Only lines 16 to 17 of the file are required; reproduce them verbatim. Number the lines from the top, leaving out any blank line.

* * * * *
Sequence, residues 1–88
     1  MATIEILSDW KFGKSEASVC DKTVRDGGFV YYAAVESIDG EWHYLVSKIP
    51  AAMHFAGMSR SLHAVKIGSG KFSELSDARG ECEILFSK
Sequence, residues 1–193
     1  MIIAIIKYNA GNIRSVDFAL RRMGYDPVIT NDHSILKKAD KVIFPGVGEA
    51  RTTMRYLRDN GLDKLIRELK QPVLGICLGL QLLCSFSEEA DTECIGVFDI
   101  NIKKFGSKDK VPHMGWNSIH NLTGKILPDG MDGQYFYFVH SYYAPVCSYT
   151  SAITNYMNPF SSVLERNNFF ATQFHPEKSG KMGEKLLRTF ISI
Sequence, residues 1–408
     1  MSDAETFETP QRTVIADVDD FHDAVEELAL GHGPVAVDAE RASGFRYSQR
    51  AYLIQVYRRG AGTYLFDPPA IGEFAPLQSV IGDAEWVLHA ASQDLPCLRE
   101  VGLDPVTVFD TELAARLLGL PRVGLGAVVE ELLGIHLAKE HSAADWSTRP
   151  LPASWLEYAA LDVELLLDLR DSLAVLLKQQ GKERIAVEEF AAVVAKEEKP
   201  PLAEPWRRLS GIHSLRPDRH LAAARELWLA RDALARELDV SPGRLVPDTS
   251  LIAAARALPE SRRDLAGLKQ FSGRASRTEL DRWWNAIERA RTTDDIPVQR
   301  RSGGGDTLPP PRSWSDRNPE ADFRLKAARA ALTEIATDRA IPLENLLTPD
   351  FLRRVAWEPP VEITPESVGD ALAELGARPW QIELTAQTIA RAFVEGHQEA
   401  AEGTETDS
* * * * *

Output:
   301  RSGGGDTLPP PRSWSDRNPE ADFRLKAARA ALTEIATDRA IPLENLLTPD
   351  FLRRVAWEPP VEITPESVGD ALAELGARPW QIELTAQTIA RAFVEGHQEA